Remember if foraging for Japanese knotweed to trim the plant on site and do not disperse any part of it away from the site. Make sure everything you bring home goes into the saucepan. This is because even small trimmings will grow. It is illegal to cause Japanese knotweed to grow and spread, as it is an invasive, controlled plant!

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Nettle & Wild Garlic Soup

How to make Nettle and Wild Garlic Soup.
A classic!

Serves 6-8

Nettle and Wild Garlic SoupNettle tips are delicious in the Spring and early summer although they shouldn’t be eaten once they grow rough and start to flower as they can be irritating then. They are incredible good source of iron, calcium, silica, other minerals, vitamins and a very rich source of plant protein, not to mention fibre! Traditionally they are used to condition hair and make it strong and glossy (both humans and horses), to make bones and nails strong and strengthen chicken egg shells.

500g nettle tops (half a carrier bag)
100g 2 handfuls of wild garlic (any part of the plant)
1 large onion (finely chopped)
1 potato (peeled and diced)
1 heaped tablespoon dried mushroom powder (any edible bolete)
1 length of dried kelp
1/2 tsp hot pepper sauce (optional)
Good quality olive oil
2 litres hot water

Rinse the nettle tops in a colander and put aside. Rinse the wild garlic leaves (including buds and flower if you have – leaving a few aside for decoration) and chop roughly. I pick the nettle tops with scissors, snipping them off them using the scissors as tweezers – it’s really quite fast and I am still a bit of a nettle coward!

Heat a little olive oil in a saucepan and add the chopped onion. Sweat for 5 minutes until starting to soften. Add the diced potato and stir. Cook for a further 5 minutes. Add the seasoning, then the nettles and the wild garlic.

Add 2 litres of hot water and the kelp, and bring to the boil. Simmer for 15 minutes until the potatoes are tender.

Take off the heat and cool. Remove the kelp. Adjust the seasoning. When cool, use a stick blender to fully liquidise the soup. Or pour into a blender, liquidise and then return to the pan.

For an absolute taste revolution, add some freshly made horseradish cream. A large tablespoon stirred into the pot is completely mind blowing!

Reheat and serve.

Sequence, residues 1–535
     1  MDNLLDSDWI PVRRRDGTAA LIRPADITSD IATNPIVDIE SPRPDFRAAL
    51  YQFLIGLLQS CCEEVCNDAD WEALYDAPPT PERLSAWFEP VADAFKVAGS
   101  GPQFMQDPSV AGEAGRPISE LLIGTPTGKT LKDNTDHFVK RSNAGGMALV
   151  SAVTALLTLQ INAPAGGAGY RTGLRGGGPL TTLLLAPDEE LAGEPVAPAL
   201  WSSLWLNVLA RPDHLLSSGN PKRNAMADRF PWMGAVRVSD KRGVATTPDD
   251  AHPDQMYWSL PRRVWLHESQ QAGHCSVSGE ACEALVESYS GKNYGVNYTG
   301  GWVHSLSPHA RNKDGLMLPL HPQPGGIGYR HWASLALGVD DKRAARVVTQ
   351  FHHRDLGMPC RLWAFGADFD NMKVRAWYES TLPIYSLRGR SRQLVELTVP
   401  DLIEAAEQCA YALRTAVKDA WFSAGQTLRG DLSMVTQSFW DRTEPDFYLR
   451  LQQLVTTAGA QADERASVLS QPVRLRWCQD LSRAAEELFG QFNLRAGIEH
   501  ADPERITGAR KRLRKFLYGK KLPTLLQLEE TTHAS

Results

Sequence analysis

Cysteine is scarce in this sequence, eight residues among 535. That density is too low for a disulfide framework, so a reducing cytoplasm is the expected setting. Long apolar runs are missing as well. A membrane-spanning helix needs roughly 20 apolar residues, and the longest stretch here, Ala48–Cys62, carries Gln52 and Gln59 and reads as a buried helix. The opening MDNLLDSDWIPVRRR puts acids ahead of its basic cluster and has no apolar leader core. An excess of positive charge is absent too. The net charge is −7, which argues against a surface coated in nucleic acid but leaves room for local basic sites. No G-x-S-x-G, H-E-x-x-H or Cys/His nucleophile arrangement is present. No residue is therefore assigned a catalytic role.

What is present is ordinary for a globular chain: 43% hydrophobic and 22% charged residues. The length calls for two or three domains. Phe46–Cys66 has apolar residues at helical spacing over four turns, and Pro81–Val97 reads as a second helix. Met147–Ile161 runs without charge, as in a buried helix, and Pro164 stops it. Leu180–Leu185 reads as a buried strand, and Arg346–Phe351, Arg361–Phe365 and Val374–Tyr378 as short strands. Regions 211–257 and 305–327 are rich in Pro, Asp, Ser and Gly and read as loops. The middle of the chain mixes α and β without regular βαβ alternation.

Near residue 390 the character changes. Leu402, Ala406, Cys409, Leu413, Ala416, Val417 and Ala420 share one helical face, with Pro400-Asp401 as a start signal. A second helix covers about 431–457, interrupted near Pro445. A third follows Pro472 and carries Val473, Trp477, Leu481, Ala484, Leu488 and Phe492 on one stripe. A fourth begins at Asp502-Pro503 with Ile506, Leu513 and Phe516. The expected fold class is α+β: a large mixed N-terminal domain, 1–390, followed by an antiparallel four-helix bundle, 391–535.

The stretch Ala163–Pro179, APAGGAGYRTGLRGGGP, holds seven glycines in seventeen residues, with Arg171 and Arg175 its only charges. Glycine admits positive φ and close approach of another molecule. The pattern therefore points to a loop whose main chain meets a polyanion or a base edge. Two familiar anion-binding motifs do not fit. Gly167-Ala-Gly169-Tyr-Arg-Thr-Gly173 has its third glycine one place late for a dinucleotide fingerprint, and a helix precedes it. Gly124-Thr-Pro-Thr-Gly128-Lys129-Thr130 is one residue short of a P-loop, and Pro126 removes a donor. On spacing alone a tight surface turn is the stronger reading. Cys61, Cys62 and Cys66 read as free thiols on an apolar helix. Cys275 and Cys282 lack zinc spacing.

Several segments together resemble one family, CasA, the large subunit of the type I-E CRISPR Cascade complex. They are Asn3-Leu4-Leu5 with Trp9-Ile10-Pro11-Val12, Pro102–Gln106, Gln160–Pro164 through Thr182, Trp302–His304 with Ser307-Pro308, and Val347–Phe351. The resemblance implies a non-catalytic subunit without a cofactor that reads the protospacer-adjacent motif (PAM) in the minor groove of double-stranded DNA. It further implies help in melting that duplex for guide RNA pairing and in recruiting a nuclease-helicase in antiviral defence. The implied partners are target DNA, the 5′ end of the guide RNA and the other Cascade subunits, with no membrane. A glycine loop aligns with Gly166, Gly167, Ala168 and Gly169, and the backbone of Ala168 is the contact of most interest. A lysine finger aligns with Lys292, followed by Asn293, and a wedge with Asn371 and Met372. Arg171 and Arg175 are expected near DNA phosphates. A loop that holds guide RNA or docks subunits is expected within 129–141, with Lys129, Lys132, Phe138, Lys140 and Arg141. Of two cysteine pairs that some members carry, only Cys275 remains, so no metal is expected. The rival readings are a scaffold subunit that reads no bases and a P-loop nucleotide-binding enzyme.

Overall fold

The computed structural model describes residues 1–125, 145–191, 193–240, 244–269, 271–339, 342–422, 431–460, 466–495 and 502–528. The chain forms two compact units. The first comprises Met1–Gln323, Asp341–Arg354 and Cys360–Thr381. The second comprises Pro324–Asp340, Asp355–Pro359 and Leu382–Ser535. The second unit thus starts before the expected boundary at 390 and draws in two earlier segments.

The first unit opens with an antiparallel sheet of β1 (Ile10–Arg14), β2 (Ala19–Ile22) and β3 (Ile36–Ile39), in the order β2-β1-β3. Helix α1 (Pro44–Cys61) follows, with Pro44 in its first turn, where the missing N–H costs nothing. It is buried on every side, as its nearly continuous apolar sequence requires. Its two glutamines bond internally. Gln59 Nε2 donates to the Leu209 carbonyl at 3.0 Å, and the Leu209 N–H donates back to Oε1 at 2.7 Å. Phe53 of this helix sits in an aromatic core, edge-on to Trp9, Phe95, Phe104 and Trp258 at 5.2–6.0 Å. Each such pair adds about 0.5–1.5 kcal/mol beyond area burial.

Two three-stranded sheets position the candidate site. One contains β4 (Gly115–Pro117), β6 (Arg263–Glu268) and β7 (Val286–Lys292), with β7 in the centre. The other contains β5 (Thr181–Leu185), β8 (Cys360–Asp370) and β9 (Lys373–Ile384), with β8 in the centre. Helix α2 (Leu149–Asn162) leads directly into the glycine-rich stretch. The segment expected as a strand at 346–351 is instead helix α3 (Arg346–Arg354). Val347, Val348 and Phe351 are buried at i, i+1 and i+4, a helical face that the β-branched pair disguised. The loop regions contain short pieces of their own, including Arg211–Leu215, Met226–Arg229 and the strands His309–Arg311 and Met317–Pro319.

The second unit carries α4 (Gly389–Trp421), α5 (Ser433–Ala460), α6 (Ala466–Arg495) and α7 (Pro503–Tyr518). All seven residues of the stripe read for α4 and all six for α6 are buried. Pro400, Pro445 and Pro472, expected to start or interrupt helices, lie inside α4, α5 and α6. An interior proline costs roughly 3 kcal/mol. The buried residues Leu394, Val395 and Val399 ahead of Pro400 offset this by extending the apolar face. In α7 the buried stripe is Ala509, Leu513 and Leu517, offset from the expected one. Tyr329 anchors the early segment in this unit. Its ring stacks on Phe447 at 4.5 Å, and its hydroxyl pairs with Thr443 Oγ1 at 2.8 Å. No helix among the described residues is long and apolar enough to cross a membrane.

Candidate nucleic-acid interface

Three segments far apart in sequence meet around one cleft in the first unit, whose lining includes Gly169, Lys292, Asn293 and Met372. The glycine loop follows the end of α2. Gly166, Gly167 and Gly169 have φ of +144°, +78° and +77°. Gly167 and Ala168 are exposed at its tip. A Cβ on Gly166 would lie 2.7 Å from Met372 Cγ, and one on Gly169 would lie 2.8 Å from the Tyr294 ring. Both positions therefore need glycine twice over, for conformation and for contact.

This is a quite a rich soup and fairly thick. You may need to add extra liquid when you reheat it. Decorate it by dribbling over a little cream or chilli oil (although not chilli with the horseradish!) and adding a few open wild garlic flowers or a bud!


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Cleavers and Red Pepper Soup

How to make Cleavers and Red Pepper Soup

Serves 6

http://monicawilde.com/?attachment_id=1816Cleavers, also known as clivers, goosegrass or sticky willies, is a great diet food. John Gerard, a 16th century herbalist, quotes Pliny saying ‘A pottage made of Cleavers is good to cause lankness and keepe from fatnesse.’ It is diuretic and particularly good for the lymphatic system. It is also a really good blood purifier, used by herbalists to clear up skin problems.

The tips of the plant are tender in the Spring – they can be added to salads at this stage – but their quickly lose their palatability due to the rough texture (like sandpaper) that develops. This is a shame because it is a really healthy plant to eat. I often juice it in my wheatgrass juicer and it tastes fantastic added to pear and ginger. But I also love it in soups, especially when trying to lose a few winter pounds in the Spring.

100g cleavers tops (roots trimmed away)
2 cloves of garlic (finely chopped)
2 medium size onions (finely chopped)
2 red peppers (I like the long Romano ones)
1 x 400g can organic plum tomatoes
50ml elderberry pontack (or Lea & Perrins)
1/2 tsp hot pepper sauce (Encona or Tabasco)
Toasted seaweed (nori or dulse)
Good quality olive oil
1.5 litres hot water

Rinse the bundle of cleavers and cut off the roots. If you have picked it carefully, you’ll have all the roots end to end and can cut them all off with one pass of the scissors. If not, it may take you a while!

Heat a little olive oil in a saucepan and add the chopped garlic and onions. Sweat for 5 minutes until starting to soften. Add the roughly chopped red peppers and stir. Hold the bunch of cleavers over the pan and using scissors, cut into the pan in 1-2 cm lengths. This prevents the stems wrapping themselves around your stick blender later on! Cook for a further 5 minutes.

Add 1.5 litres of hot water and all the seasonings. Simmer for 15 minutes until the peppers are tender.

Take off the heat and cool. Adjust the seasoning. When cool, use a stick blender to fully liquidise the soup. Or pour into a blender, liquidise and then return to the pan.

Reheat and serve. Finely chop some wild garlic or chives as a garnish.


Cleavers just at the picking stage.

This is a low-fat soup and does not contain potatoes or flour to thicken it. If you’re not dieting you might like to add a little creme fraiche or crumbled feta cheese but it’s delicious without it!